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New York Times Uses Blank Cover Page To Commemorate Lack Of Baseball Hall of Fame Inductees

by: Esteban On  Friday, January 11, 2013

bonds clemens hall of fame

On Wednesday, the Baseball Writers Association of America announced their 2013 selections to the Baseball Hall of Fame. And the inductees are…

Nobody.

For the first time since 1996 not one candidate received 75% of the votes, which is the percentage required for induction.

Now, this wouldn’t be such a big deal if not for the fact that this year’s HOF ballot included two guys who, ten years ago, were considered no-doubt first-ballot Hall of Famers: Barry “My Head Got This Huge Naturally” Bonds and Roger “Come On Everybody Wins A Cy Young When They’re 41 Years Old” Clemens.

Mind you, there is still no definitive proof that Barry Bonds and Roger Clemens actually used steroids. However, there is this little thing called “common sense,” and it turns out that many member of the Baseball Writers Association of America have it. So baseball’s all-time home run king and 7x MVP didn’t make the Hall of Fame, and neither did the pitcher with 354 wins, 4,672 strikeouts, and seven Cy Young Awards.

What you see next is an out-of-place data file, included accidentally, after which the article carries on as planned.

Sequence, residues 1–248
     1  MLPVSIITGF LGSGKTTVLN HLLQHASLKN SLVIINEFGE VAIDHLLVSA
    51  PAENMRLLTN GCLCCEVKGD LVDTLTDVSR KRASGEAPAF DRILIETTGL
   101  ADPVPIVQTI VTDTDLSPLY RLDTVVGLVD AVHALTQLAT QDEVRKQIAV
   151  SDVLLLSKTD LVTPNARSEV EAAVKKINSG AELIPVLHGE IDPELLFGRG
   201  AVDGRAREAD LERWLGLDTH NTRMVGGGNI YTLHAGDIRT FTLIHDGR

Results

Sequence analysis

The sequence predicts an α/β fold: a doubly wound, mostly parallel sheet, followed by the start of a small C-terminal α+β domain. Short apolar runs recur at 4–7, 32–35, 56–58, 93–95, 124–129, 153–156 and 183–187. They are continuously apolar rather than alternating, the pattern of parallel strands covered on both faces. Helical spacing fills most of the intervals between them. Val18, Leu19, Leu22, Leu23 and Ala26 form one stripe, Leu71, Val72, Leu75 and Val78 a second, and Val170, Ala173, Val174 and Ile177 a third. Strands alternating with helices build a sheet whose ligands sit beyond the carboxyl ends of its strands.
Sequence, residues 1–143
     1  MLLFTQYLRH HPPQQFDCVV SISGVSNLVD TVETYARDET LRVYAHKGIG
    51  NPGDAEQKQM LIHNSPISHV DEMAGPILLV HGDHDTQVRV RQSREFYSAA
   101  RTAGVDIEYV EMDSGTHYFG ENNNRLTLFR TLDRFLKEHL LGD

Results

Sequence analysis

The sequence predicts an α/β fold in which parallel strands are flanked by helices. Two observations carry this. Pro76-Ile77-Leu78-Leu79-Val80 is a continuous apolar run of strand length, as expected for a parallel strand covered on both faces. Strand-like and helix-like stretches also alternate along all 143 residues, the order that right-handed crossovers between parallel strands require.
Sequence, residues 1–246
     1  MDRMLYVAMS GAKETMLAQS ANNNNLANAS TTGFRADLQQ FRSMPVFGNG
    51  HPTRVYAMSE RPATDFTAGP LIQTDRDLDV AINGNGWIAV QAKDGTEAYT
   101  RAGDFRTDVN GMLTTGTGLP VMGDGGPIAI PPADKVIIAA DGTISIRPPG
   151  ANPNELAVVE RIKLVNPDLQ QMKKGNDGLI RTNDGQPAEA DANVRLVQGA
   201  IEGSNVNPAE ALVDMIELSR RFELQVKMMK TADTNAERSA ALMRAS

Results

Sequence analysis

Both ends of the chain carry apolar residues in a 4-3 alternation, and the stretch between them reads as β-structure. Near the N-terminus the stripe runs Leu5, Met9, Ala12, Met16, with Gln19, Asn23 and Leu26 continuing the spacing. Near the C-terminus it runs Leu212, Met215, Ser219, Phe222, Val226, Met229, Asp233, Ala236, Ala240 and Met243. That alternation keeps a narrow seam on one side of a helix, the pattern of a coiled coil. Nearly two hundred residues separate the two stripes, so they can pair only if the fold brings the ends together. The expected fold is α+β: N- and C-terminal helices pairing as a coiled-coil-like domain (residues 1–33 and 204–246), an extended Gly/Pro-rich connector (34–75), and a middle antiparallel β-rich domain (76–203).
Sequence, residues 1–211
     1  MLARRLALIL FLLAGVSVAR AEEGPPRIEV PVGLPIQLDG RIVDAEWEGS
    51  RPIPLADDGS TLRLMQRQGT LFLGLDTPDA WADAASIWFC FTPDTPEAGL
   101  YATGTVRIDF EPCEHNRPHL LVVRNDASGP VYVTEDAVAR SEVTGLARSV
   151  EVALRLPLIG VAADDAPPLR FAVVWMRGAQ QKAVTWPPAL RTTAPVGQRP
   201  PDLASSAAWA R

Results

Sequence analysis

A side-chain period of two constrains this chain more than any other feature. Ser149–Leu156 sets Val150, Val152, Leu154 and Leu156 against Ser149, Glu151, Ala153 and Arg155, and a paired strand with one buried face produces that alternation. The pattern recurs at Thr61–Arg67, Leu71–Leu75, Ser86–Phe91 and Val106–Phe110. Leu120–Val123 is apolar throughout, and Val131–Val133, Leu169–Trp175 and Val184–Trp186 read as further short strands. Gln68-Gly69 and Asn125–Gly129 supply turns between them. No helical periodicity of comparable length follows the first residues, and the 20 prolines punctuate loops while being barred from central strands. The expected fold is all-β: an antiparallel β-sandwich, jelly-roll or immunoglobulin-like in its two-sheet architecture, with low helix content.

Of course, these weren’t the only two guys on the ballot who didn’t make it. The leading vote-getter this year (also his first time eligible) was longtime Astros second baseman Craig Biggio, member of the prestigious 3,000 hits club. In second place on his 14th and penultimate HOF ballot was legendary “big game” pitcher Jack Morris, with his 254 wins and merely decent 3.90 ERA. And coming in third was Biggio’s longtime teammate in Houston, Jeff Bagwell.

Morris only gets one more shot at the HOF, but Biggio and Bagwell—the “killer Bs”—have many more years of voting, and their chances of eventually getting elected are pretty good.

Then there were the two heroes of the summer of ’98: Mark McGwire and Sammy Sosa. Both are members of the 500 HR club, and neither are members of the Hall of Fame—nor will they ever be.

Anyway, the point here is that this year’s HOF vote was kind of a big deal. And the New York Times commemorated it with a very poignant cover on Thursday’s sports section.

Check it out:

new york times sports page hall of fame cover
It’s funny how nothing can say everything.




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